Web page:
Lawmakers still have months to determine the gory details of the shrinking Texas budget. But as House Appropriations Committee Chairman Jim Pitts, R-Waxahachie, laid out the first grim round of proposed cuts on Wednesday — aimed at balancing the budget without new taxes or tapping the Rainy Day Fund — even some of his Republican colleagues couldn't stifle their objections. House Democrats went a step further, calling the cuts "akin to asking an anorexic person to lose more weight."
Pitts didn't sugarcoat the proposed cuts, which strike a potentially devastating blow to public education and health care, eliminate 9,000 state jobs and shutter two state institutions for people with disabilities, one prison unit and three Texas Youth Commission lock-ups. He acknowledged the cuts are painful, and that this budget proposal slashes every state function that isn't a completely necessary service. But he said it accomplishes the goal of balancing the budget without new revenue or touching the Rainy Day Fund — and said lawmakers should be able to finish their work on it within the regular legislative session.
The budget, which seeks to meet the state's budget shortfall, estimated at between $15 billion and $27 billion, "represents the priorities the speaker and I stated months ago," Pitts said. "This budget must live within the available revenue. It must not rely on the use of the Rainy Day Fund. It must not rely on new tax revenue. It must reflect limited government. We have accomplished all of these things."
But some Republicans fired back over a proposal to shutter entirely four community colleges — which they said was being treated as a done deal, instead of as a mere suggestion. And Democrats sounded off loudly over plans to slash Medicaid reimbursement rates and cut pre-kindergarten programs and financial aid, while border security funding remained largely intact. Meanwhile, the special-interest groups are just getting started.
“Reductions of this magnitude will seriously jeopardize access to health care and shift more health care costs to local governments and insured Texans,” said Dan Stultz, president and CEO of the Texas Hospital Association.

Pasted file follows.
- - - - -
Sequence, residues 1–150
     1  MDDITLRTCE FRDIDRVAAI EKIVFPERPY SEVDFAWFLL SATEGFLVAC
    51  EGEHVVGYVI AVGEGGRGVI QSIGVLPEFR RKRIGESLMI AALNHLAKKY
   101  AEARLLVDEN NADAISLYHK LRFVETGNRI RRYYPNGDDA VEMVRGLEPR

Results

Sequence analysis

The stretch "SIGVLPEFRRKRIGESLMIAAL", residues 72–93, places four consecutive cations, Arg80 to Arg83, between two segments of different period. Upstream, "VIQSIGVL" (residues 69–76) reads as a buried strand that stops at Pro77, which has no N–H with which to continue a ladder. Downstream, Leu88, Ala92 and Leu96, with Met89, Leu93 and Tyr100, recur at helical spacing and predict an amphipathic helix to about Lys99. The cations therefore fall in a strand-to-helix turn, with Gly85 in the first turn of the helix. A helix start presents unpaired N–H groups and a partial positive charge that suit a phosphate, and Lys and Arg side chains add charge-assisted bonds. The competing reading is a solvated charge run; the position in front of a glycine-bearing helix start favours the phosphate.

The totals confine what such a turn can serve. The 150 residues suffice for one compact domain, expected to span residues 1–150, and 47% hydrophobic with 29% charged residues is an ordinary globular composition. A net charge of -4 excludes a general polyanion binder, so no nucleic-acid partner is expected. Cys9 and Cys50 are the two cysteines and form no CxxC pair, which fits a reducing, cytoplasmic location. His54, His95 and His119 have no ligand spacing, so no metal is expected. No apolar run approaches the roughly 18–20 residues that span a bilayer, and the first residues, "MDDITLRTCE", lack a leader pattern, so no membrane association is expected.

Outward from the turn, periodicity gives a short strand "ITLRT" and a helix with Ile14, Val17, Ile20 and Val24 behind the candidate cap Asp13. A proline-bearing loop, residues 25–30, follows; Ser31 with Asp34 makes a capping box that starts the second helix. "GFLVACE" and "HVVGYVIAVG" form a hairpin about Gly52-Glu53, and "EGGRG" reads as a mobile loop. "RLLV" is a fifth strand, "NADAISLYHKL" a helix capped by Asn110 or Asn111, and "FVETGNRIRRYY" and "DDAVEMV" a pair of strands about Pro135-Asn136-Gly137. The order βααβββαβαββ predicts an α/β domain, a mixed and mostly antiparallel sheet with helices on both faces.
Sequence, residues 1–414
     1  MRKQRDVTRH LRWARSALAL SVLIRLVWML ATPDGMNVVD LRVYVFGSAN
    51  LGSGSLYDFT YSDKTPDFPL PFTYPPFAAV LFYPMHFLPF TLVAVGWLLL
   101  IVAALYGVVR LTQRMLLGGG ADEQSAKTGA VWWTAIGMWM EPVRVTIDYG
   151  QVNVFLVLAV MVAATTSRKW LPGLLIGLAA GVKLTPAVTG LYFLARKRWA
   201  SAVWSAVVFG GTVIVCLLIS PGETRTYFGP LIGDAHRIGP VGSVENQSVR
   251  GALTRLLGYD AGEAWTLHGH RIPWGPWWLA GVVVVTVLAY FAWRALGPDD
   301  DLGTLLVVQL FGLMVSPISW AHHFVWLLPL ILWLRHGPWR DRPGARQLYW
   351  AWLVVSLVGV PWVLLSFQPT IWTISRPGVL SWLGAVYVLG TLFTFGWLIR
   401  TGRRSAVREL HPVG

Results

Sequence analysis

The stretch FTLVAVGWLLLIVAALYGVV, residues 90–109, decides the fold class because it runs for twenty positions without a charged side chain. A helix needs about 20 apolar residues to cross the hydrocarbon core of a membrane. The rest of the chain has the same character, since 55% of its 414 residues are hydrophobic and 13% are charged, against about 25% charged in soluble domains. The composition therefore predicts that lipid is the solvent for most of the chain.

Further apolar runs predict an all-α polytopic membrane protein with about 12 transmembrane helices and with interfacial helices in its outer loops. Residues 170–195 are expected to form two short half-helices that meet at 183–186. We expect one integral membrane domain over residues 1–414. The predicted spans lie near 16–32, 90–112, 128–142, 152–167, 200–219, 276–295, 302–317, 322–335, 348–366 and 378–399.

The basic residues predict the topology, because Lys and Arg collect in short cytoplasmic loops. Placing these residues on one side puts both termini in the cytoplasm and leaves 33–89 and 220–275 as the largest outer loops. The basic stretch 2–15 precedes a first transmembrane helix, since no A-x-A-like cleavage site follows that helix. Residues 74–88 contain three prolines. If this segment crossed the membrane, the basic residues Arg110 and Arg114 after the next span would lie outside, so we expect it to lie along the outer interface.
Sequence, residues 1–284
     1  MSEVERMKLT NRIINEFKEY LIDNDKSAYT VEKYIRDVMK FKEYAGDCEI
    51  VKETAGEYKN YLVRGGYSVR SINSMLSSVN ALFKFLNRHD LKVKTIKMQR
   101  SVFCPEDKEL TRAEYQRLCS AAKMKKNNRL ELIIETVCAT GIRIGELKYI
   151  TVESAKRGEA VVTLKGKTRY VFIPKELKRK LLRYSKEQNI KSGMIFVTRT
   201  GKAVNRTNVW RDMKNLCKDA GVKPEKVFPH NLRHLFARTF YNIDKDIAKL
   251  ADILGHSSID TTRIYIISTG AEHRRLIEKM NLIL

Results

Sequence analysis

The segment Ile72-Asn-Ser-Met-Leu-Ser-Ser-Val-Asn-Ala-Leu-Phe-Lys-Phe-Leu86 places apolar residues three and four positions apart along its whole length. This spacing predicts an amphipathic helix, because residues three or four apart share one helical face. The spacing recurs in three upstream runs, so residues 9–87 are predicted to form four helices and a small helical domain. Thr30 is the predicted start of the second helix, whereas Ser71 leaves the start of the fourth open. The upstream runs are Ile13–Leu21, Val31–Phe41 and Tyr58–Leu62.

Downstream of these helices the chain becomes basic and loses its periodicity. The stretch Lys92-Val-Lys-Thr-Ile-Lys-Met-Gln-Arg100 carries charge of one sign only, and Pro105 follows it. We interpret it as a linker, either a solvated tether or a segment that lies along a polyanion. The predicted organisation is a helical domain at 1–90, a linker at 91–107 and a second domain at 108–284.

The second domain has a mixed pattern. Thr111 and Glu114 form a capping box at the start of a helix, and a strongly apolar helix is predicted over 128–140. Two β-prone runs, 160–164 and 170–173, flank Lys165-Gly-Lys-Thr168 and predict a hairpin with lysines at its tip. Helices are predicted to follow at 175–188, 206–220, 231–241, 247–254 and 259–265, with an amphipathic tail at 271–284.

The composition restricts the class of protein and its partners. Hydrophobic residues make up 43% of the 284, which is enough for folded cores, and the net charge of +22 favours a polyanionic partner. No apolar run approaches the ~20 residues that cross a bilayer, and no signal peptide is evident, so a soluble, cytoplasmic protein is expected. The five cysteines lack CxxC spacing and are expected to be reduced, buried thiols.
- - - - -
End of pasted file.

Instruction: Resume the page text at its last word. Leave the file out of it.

Added Laura Guerra-Cardus, the associate director of the Children's Defense Fund - Texas: “A budget that relies on cuts alone will cost thousands of jobs, have devastating consequences for our children’s health and education and deny Texans the opportunity to have any meaningful discussion about our true priorities.”
At $156.4 billion, the first run at the budget is $31.1 billion smaller than its predecessor — a 16.6 percent drop.
In health care, it cuts the rates doctors and hospitals are paid for treating Medicaid patients by 10 percent, and doesn't include funding for population growth, rising costs or spiking utilization rates. The cuts represent a nearly 25 percent savings in overall spending on health and human services.
In public education, the cuts are so deep they fall $9.8 billion short of meeting the state's current school finance formulas. The proposed budget does not include funding for the increased number of students or a decline in property values statewide. The cuts represent a $7 billion drop from current spending levels. Meanwhile, public safety and criminal justice spending would drop 12.7 percent, falling $1.5 billion from current levels.
Other cost-saving and efficiency measures recommended by the Legislative Budget Board, which revealed the budget to lawmakers on Tuesday night, include lifting the ban on Sunday liquor sales and tying the summer sales tax holiday to the state's financial condition.